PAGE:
Now, if you’ve read my previous post [link], you might remember I briefly talked about components in context of the inspector. These components are what make up any object in the game, aptly named “GameObject”. In this post, I’m going to go over the most common components you’ll encounter when making a game in Unity.


The gameObject can be seen like a container, a way of grouping together components, into a single object that you’ll find in the hierarchy. GameObjects are the base building blocks for scenes in Unity. The components that it groups together are responsible for how it looks, and behaves.

If you want to follow along, open an empty scene in unity, right click in the hierarchy and add a

[3D Object → Cube].

We’ll keep it simple for now. Double click the cube in the hierarchy to focus on it in the game view.


A transform is an example of one of those components. The transform component is responsible for keeping track of the gameObjects position, rotation and scale in the scene.

Let’s play around with these values to see what they’re for. Double click the cube you added earlier, in the hierarchy, to focus on it. You’ll notice in the inspector window, that it has 4 components, as well as a material, but let’s just focus on the first one for now: The Transform component.

There’s 3 properties: Position, Rotation and Scale. Next to each of those properties you’ll see an x, y and z value. These 3 values are what make up a vector, and each one corresponds to an axis (left/right, forward/backward, up/down).

When hovering over the X, Y or Z, you’ll notice the mouse change into a slider pointer. You can drag left and right to change the values, or manually type a value if you like.

For the position, there’s no limit to it’s values. When each value is at 0, the object will be located at the world origin. This is the absolute middle of the scene. The default cube is 1 unit big in each direction, think of that unit as 1 meter. When you increase or decrease any of the position values by 1, it will move by that much in the scene view.

The rotation on the other hand is expressed in radians, and angle of 90 radians is, as you likely know, a right angle. You’ll notice that if you start increasing the value on any of the 3 directions, it will rotate clockwise when looking at it from that direction. For example, when looking at it from the top down (which would be a negative Y axis), it will rotate clockwise when increasing the value, and counterclockwise when decreasing it.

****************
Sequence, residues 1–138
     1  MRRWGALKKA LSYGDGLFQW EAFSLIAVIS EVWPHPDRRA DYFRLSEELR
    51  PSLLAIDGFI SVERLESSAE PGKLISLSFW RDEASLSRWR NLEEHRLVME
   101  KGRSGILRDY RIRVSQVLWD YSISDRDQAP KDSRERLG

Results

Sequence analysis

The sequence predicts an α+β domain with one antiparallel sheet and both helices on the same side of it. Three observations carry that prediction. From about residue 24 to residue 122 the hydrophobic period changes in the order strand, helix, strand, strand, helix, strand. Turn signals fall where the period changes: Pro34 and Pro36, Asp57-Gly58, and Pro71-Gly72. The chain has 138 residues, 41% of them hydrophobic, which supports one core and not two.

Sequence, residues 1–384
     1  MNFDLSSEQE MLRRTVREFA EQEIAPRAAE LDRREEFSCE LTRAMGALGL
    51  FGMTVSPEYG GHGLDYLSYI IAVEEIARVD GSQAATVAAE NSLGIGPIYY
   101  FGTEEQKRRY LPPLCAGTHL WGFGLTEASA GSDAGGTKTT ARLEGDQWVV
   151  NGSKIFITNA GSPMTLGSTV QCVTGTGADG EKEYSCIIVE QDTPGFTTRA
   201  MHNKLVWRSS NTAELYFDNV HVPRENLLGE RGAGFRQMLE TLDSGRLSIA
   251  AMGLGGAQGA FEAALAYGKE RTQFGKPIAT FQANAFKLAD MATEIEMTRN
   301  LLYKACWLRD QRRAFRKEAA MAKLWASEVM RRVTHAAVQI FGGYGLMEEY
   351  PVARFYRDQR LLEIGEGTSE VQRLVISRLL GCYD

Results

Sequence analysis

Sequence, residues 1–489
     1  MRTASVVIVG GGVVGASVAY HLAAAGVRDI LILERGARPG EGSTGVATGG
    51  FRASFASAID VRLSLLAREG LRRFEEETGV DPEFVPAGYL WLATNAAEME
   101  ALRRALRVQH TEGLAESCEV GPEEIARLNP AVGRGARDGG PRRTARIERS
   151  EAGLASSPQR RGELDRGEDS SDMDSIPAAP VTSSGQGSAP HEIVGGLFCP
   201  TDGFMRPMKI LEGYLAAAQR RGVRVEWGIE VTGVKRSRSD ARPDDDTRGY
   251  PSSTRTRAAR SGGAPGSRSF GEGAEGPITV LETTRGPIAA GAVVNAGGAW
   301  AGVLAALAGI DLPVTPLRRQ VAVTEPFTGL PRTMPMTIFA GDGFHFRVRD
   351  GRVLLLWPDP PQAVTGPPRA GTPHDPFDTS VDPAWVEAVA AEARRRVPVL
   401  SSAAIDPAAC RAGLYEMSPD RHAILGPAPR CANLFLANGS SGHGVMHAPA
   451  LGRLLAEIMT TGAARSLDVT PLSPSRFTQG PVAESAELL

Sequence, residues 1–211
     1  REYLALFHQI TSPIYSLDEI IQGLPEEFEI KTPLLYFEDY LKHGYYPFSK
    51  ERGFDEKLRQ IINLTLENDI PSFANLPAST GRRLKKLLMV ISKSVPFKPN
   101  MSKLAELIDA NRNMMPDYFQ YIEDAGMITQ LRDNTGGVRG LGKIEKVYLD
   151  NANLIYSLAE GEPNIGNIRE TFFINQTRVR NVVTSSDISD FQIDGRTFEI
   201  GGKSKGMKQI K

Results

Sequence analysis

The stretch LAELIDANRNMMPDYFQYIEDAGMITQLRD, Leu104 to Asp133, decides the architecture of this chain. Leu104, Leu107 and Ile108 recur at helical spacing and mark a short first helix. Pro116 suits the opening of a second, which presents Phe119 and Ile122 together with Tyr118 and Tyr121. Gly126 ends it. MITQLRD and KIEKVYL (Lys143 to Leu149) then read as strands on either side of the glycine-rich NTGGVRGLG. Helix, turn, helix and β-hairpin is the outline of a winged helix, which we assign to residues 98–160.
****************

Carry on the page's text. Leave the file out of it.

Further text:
Lastly, the scale vector, is a vector responsible for scaling an object on each of the axis. It is pretty self-explanatory, but I would caution against relying on this too much. It is very useful when prototyping a scene, but I would advise to keep it at 1 as much as possible. The reason for this is that textures can get skewed when an object is scaled, and gravity (or any physics) might look weird when scales are off. For example: a body would appear to fall very slowly under normal gravity, when everything, including that body, is scaled up a lot. We’ll look at an example in the next topic.


At this moment, unless you’ve added it, the cube has no physics interactions in your scene yet. That’s what the rigidbody is for. A rigidbody is a component that gives your object physical properties, such as weight, drag and angular drag, etc…

Lets add the rigidbody component to the cube and see what it does.

Firstly, in the inspector, with the cube selected in the hierarchy, click add component. You’ll see a little menu pop up (yes, there’s lots of components to play with). Navigate to

[Physics → Rigidbody].

You’ll notice that a component has been added to the 4 components that were already there, with the properties I mentioned earlier. We can play around with these properties, but first, let’s add a terrain to the hierarchy, so that it has something to interact with.

Right click on an empty space in the hierarchy, and navigate to

[3D Object → Terrain].

Now select the cube in the hierarchy, and use the Transform component to move it somewhere above the Terrain you just added.

Hit the play button above the scene view. You’ll see the window change to the game window, and the cube drops to the terrain (unless you’ve changed its properties that is). The reason for this behavior is because the “Use Gravity” checkbox is ticked.
If you now hit the play button again, the cube moves back to the position you put it in, and any values you might have changed while the game was running will be reverted.

Try the same thing with “Use Gravity” unchecked. You’ll see that it doesn’t move this time. The
Is Kinematic” checkbox is very similar, except that a kinematic body will not interact with any forces, whereas “Use Gravity” only applies to gravity. You can play around with these 2 check-boxes to see how they interact with the terrain while the game is running. Simply hit play, change the check-boxes and move the cube around. You’ll notice that if “Is Kinematic” is enabled, you can move the cube through the terrain, while if only “Use Gravity” is checked, it will struggle to be moved through it. This is because of the next topic we’ll discuss.